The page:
This book was previously published as a special issue of the Journal of Development Studies.
This project originates from The Pew Charitable Trusts' project on Moral and Social Dimensions of Microeconomic Behavior in Low-Income Communities.
In The Social Economics of Poverty, an eminent team of scholars apply tools of the nascent social economics paradigm to one of the most enduring and frustrating questions in economics: why does poverty persist in a world of abundant resources? Why are some people excluded from growth processes while others are not? Why do some people enjoy access to scarce resources or the efficiency enhancements associated with cooperation while others do not?
Humans do not live in isolation. Observed microeconomic behavior therefore depends on people's identities and on the formal and informal social relations that shape their world. These behaviors subsequently affect individual and group identity and relationships, creating a system with dynamic feedback. Such systems commonly lead to low-level, stable states characteristic of poverty traps. Economists are just beginning to explore the consequences of such phenomena. Individual chapters, written by leading scholars in the field, illustrate how the insights offered by social economics might inform and enhance both the discipline of economics and the design of policies intended to help reduce the incidence and duration of poverty around the world.
Contributors include George Akerlof, Larry Blume, Sam Bowles, Michael Carter, Marco Castillo, Tim Conley, Indraneel Dasgupta, Jean-Yves Duclos, Joan Esteban, Marcel Fafchamps, Hanming Fang, Andrew Foster, Tatiana Goetghebuer, Karla Hoff, Ravi Kanbur, Rachel Kranton, Eliana LaFerrara, Glenn Loury, Jean-Philippe Platteau, Debraj Ray, Arijit Sen and Chris Udry.
with Daniel G. Maxwell.
Food aid has improved or saved the lives of many hundreds of millions of people worldwide in the half century since U.S. Public Law 480 was passed in 1954.
This book provides the most comprehensive, current and clear explanation of the wide range of issues surrounding food aid, an extraordinaily complex arena of contemporary international policy. In donor countries, food aid is at once an instrument of domestic agricultural policy, development assistance, and foreign and trade policies, managed through both bilateral and multilateral agencies with heavy involvement from the private non-profit sector as well as profit-seeking agribusinesses and maritime interests. In recipient countries, food aid affects agriculture, finance, markets, human health and nutrition, and the general path of economic development. Widespread misunderstanding and myths feed ongoing controversy over food aid and undermine food aid's significant potential as an instrument of humanitarian and development policy.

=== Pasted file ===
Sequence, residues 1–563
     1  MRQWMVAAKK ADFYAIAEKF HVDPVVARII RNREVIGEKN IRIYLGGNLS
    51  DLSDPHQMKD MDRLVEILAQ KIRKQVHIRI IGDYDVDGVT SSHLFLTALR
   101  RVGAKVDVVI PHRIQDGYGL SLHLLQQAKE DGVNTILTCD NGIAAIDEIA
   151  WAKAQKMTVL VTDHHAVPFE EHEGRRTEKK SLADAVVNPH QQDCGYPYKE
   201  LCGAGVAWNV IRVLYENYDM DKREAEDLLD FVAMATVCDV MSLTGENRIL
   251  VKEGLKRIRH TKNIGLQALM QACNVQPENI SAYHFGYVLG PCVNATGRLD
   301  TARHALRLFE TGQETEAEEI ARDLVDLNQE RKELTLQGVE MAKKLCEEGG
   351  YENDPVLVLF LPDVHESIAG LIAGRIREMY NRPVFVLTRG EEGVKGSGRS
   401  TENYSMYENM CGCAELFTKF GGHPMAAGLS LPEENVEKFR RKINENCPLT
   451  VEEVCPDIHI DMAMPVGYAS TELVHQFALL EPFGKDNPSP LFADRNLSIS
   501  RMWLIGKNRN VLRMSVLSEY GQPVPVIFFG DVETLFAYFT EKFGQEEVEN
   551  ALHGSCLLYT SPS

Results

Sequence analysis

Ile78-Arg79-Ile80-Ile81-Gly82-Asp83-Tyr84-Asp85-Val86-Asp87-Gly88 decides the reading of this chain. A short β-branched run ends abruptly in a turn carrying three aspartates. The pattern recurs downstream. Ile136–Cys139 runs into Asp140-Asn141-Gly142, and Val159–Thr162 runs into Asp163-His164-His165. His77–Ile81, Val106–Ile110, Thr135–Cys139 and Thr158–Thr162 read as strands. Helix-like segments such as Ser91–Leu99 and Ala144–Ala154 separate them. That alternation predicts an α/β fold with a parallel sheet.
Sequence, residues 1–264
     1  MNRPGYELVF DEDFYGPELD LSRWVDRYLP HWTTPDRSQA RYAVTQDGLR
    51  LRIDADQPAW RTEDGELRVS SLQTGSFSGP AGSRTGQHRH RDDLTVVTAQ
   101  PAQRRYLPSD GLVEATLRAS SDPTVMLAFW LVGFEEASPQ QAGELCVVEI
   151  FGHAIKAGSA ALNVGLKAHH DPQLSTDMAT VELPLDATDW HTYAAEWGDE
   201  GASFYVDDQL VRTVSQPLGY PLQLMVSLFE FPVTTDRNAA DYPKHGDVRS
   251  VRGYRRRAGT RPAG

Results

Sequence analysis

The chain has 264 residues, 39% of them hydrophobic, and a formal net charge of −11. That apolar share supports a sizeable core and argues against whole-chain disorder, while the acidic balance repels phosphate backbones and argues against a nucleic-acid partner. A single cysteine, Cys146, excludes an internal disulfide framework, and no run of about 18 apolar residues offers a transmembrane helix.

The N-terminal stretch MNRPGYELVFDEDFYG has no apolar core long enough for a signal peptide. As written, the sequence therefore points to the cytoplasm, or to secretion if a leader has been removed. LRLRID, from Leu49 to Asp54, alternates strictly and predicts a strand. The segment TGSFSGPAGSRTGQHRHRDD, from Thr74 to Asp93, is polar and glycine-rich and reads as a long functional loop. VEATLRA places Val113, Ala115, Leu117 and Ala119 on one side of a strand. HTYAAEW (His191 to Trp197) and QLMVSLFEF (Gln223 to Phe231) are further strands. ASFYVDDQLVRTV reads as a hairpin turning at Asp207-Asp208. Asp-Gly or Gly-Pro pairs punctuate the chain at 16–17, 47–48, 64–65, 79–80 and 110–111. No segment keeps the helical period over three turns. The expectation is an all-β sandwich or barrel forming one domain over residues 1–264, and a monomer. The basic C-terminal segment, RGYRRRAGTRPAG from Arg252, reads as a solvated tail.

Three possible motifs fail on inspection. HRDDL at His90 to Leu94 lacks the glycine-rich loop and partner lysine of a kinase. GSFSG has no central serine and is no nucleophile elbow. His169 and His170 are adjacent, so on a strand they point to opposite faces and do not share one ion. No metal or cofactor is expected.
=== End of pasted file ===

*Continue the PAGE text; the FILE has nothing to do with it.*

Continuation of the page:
By integrating the findings and experience of an academic economist and a senior manager and food security advisor with a major international NGO on the role food aid plays, and might prospectively play in the future, this book advances an evidence-based vision for food aid in support of a broader strategy to reduce poverty and food insecurity in low-income, food deficit nations. The authors first present a clear and comprehensive analytical and empirical account of food aid as historically and currently practiced so as to resolve key misunderstandings and explode a few longstanding myths. Food aid has been a flawed instrument over the past half century, to be sure. But with limited substitute resources available globally from donors to support humanitarian operations and development assistance, it has nonetheless played an important role. Moreover, many of food aid's flaws are remediable with concerted action by key donors and operational agencies.
Uma Lele, Christopher B. Barrett, Carl K. Eicher, Bruce Gardner, Christopher Gerrard, Lauren Kelly, William Lesser, Karin Perkins, Saeed Rana, Mandivamba Rukuni and David J. Spielman
with Frank Place (International Center for Research on Agroforestry), Abdillahi Aboud (Egerton University, Kenya).
with David Lee on the relationship between agricultural intensification, poverty reduction, economic growth and the environment.